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Newbie Watch InforSense Sees Computing Roots as Key to Life Sciences Success

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“It looks like we may be a best-kept secret,” admitted Yike Guo, CEO of London-based InforSense. Indeed, the company has kept a low profile since spinning off from the data mining research group at Imperial College last April.

Yet, despite a tiny marketing budget and a word-of-mouth approach to drumming up business, Infor-Sense has secured a number of high-profile customers and partners. The Sanger Center, GeneLogic, Japan Tobacco, and an undisclosed “major European pharmaceutical company” are among the users of the company’s Kensington data mining and visualization platform.

In addition, InforSense just signed a marketing and distribution agreement with Viaken Systems that Guo deemed significant for a number of reasons. “Number one, they will provide us with more users in the US. Even though we have a plan to move to the US eventually, we need local support,” said Guo.

“Number two,” he continued, “We are very much a computing company. We can do a professional job developing advanced data management systems, but we need also professional bioinformaticans to use it and do special services. As a full service provider Viaken can provide support, maintenance, and resell.”

Guo said the distribution deal, in which Viaken will offer the Kensington suite as part of its hosted solutions, is only the first step in a larger deal between the two companies that is still in discussion.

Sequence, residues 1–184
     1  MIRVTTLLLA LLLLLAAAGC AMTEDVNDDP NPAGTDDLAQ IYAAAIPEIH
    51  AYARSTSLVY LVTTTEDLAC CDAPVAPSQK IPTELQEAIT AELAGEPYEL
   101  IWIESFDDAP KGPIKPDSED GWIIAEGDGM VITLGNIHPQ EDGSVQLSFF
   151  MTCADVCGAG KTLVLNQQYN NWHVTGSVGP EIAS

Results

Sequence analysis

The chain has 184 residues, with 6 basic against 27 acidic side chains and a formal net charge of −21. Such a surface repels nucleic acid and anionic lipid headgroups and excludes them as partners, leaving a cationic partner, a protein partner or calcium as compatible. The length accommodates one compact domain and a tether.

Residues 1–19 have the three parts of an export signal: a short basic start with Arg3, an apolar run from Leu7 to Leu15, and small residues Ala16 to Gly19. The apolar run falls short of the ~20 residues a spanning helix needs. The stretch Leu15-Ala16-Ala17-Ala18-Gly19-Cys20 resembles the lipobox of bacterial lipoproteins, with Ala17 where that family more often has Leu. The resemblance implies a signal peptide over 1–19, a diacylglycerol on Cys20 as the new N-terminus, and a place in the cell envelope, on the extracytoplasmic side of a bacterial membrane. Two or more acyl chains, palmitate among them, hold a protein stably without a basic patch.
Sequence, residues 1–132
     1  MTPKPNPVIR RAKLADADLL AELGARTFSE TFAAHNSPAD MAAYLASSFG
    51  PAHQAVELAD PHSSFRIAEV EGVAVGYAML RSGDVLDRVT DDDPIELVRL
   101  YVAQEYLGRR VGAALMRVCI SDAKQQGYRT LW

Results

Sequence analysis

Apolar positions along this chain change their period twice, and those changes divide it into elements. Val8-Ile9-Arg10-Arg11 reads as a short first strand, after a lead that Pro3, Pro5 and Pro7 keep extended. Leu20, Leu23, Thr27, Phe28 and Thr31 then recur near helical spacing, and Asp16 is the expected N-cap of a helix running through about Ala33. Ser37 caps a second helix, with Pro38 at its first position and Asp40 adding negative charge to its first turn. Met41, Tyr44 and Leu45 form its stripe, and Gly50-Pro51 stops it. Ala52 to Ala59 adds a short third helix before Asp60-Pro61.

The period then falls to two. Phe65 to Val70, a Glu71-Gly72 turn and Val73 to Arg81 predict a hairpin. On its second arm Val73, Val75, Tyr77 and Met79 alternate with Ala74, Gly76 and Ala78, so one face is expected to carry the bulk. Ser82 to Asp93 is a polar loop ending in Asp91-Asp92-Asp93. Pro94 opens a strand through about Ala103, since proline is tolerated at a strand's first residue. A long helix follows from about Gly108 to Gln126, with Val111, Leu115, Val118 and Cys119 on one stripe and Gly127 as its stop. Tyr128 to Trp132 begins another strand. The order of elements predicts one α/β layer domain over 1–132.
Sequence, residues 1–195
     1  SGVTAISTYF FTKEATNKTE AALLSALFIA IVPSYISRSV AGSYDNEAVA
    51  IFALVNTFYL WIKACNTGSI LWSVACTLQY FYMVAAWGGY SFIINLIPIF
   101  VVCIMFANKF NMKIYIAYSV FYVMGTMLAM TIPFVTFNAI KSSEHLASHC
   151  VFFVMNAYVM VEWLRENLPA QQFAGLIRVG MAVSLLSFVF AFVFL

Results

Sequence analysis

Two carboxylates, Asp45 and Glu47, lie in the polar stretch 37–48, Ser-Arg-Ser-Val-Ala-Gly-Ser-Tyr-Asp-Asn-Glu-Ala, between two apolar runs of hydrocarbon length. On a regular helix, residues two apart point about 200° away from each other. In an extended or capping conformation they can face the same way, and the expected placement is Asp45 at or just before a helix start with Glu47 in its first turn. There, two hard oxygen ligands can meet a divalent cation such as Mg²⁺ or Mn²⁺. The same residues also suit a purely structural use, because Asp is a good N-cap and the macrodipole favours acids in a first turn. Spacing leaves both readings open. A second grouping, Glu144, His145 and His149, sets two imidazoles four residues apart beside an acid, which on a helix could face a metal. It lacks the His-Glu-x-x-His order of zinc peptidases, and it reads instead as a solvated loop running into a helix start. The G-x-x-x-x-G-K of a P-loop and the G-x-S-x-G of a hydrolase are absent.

Guo said that Kensington differs from other data mining systems and enterprise platforms in its emphasis on network information. “It’s not only linked to a central database but can be linked with heterogeneous data sources and distributed across a global organization.”

In addition, Guo said the company’s computer science angle gives it an advantage over other bioinformatics companies that have emerged from the realm of biology.

While the Kensington platform may appear similar to Spotfire’s products at first glance, Guo said he doesn’t consider Spotfire a direct competitor. “Spotfire puts a lot of emphasis on browsing and visualization. I think our major emphasis is very much on platform design. We do have visualization, but every visualization algorithm is in fact connected to our discovery algorithms.”

The company’s competitors actually fall into two camps, Guo said: special solution providers such as Silicon Genetics for gene expression analysis, and platform providers such as Lion Bioscience. But the generic nature of the InforSense approach improves on both of these systems, Guo said. For example, Kensington offers a larger number of analytical applications than specialty solution providers like Silicon Genetics do, Guo said. And unlike Lion, “they have a fixed database called SRS, which we don’t have. We can link to any databases.”

But InforSense does intend to learn from the successes of its predecessors in the bioinformatics market. “Our philosophy is very much like Lion’s, but without too much focus on one particular type of data retrieval,” Guo said, adding that the company’s plan to eventually move beyond the life sciences into other industries is also similar to Spotfire’s.

“If we can be an even better Spotfire I’ll be pretty happy,” said Guo.

— BT

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